Sanders if he
used any other names, he responded, "Yes -- Terry and Robert." "I asked
him whether he was the Robert Sanders they were looking for in New
Bentley said, "and he looked me straight in the eye and said, 'Yes, I
But in his police report, Bentley listed only "Terry" under nicknames
made no mention of the exchange about New York.
he's got to be somewhere, kidnapped,' his mother said. 'Somebody got
somewhere locked up, and he can't get to me.'
Bentley told his superiors that he suspected Kerry Sanders
was the fugitive
Robert Sanders. The case was turned over to the Los Angeles Police
and at 11:56 a.m. Kerry Sanders was arrested and booked as Robert
The booking sheet included Kerry's physical characteristics -- his
and weight, his right thumb print, the scar on his left arm -- and
birthplace and fugitive warrant number.
Within 24 hours, Kerry Sanders's extradition was approved.
weeks, he was in the New York State correctional system, answering to
name Robert as well as his own, a confused response that would have
A man incapable of making his own breaks, Sanders never
got one along
the way. In Los Angeles, he was not given the required screening that
have revealed his poor mental state. Police and corrections officials
Los Angeles and New York never noticed that the photographs of the two
men did not match -- nor that Robert had multiple tattoos, while Kerry
had only a small one on his hand. No one saw that the jaywalking ticket
Kerry Sanders received in Los Angeles on July 14, 1993, was issued
Robert Sanders was serving a three-to-nine-year prison term more than
No one ever compared the two men's fingerprints and
matched them through
the vast national computer database. Had they been checked, a routine
enforcement practice when a felony suspect is apprehended, it could
taken just hours to show that Kerry was the wrong man.
Instead, he found himself in the Municipal Court of Los
next day, stuck in a holding tank with dozens of other prisoners
hearings. He was assigned a deputy public defender, Stanley I. Efron,
met briefly with him, encouraging him not to fight extradition. Efron
in an interview that he examined the warrant and noticed the physical
between the two men. But he found them to be innocuous, so he asked his
client whether he was Robert Sanders from New York. "Yes," Kerry
Efron explained that if he fought extradition, he would only prolong
stay in the county jail before being returned to New York anyway. He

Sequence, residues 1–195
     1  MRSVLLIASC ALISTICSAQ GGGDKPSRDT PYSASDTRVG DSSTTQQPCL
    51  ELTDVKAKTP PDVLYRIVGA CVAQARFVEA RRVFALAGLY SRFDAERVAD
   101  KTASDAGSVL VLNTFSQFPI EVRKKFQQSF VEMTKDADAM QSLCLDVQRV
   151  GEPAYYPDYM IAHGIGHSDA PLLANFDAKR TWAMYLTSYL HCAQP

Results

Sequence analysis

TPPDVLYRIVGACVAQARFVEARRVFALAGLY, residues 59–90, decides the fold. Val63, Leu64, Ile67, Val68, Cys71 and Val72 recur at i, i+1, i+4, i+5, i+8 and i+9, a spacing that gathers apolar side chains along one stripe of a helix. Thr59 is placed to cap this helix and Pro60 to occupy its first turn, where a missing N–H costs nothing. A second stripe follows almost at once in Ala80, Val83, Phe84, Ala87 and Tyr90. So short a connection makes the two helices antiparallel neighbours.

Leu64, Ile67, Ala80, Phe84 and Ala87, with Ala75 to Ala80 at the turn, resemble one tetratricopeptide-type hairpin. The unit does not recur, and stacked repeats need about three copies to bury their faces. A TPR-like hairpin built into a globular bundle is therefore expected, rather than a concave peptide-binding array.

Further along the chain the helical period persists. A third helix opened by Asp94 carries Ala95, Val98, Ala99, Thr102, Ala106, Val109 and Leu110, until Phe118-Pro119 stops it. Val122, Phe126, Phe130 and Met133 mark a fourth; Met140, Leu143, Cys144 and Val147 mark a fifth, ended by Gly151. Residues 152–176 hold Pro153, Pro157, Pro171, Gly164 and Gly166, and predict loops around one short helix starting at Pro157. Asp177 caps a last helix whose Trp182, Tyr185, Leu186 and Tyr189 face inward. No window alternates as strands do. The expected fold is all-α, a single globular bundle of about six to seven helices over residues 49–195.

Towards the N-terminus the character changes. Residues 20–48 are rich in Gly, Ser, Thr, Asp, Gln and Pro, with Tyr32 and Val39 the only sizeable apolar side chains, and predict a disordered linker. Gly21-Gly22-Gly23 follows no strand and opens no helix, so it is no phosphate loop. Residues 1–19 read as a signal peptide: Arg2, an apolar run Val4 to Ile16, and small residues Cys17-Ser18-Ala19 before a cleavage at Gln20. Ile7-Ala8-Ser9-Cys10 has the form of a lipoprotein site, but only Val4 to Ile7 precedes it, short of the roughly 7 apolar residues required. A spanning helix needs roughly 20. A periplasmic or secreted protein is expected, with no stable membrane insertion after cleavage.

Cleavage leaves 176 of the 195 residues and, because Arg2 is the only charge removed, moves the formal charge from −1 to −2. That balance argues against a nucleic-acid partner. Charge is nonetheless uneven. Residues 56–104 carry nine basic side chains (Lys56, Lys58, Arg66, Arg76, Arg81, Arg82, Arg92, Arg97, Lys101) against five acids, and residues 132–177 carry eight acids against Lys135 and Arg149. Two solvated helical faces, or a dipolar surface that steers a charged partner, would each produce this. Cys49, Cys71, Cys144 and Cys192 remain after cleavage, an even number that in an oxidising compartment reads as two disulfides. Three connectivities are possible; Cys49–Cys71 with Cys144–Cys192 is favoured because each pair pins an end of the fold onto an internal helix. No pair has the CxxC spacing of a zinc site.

Kerry agreed to sign a waiver.
In his own records, the public defender summarized his
Kerry Sanders this way: "Admits ID. Can't bail. Wants to waive." Efron
left blank the other sections on the form for information about the
family, pending cases, prior record and financial status. Efron, 58,
worked for 30 years in the public defender's office, said Kerry
all the questions, and I was convinced he was the guy."
It was one of four extradition cases the public defender
morning, and he remembered Kerry as being subdued and slow. "I had to
things to him more than once," Efron recalled. But he said Kerry's
did not set off any alarm bells, nor did the events that followed.
Kerry's fragile grasp on reality grew
even weaker in
When Efron gave Kerry copies of the waiver, which began,
Sanders, do hereby freely and voluntarily state that I am the identical
Robert Sanders," he signed them "Kerry Sanders" and drew doodles all
one copy. The case then moved to Judge Abraham A. Khan, who stopped the
proceeding after Kerry said he hadn't even read the form.
"Did you sign it?" Judge Khan asked.
"Yeah," Kerry replied.
"Why did you sign it?"
"Because they told me to sign it."
Khan had the public defender review the form again with
Within minutes, both said it had been read and understood. "The court
satisfied," Khan said, moving on.
Kerry's fate now belonged to New York, and on Oct. 20,
Sgt. Joseph H.
Badstein Jr. and another state correctional officer picked up their
in Los Angeles. It was raining late that night when Kerry, shackled in
leg irons, handcuffs, a waist chain and black lockbox, arrived with the
two officers at the Downstate Correctional Facility in Fishkill, N.Y.,
a processing center for inmates. The watch commander wrote in his
"11:04 p.m. Received absconder from Fulton C.F. Sanders, Robert #90 A
He was issued an inmate ID card, which he signed "Kerry Sanders." The
department typed "Kerry Sanders" into the name line as well. He was
to the infirmary, given a delousing shower and examined by a nurse,
A. Rohling. Within 15 minutes, she concluded that he might be mentally
ill. Sanders "claims past psych history," Rohling wrote. He had been
Haldol, an antipsychotic drug, and Cogentin, which was given to
the physical side effects of Haldol. "Last dose five months ago," she
A social worker, Michelyne Duvivier, who examined him the
checked the records on Robert Sanders, who was in prison five months
and found no history of mental illness. "No records found of psych in
she wrote. The significance went unnoticed.
Over the next 12 weeks, Kerry remained in the
at Downstate, one of 35,801 inmates who entered the New York State
system in 1993. Withdrawn and quiet, he paced back and forth in the
recreation area. He giddily said he had "special powers," but they were
"good powers" he used to help others. One morning he flooded his cell
water. "He tried to 'wash his clothing' in the toilet," the chart says.
"Sees nothing unusual about this behavior." He also repeatedly asked
he was locked up, pleading with one nurse, "When can I go home?" The
later wrote that he was still confused about where he was, even
"disbelief that this was a prison."
At the end of December, Kerry was transferred to Green
Haven, a maximum-security
prison about 60 miles north of Manhattan. Given that Robert Sanders had
absconded from a minimum-security site, it was determined that he would
require a more secure location. The New York authorities, now believing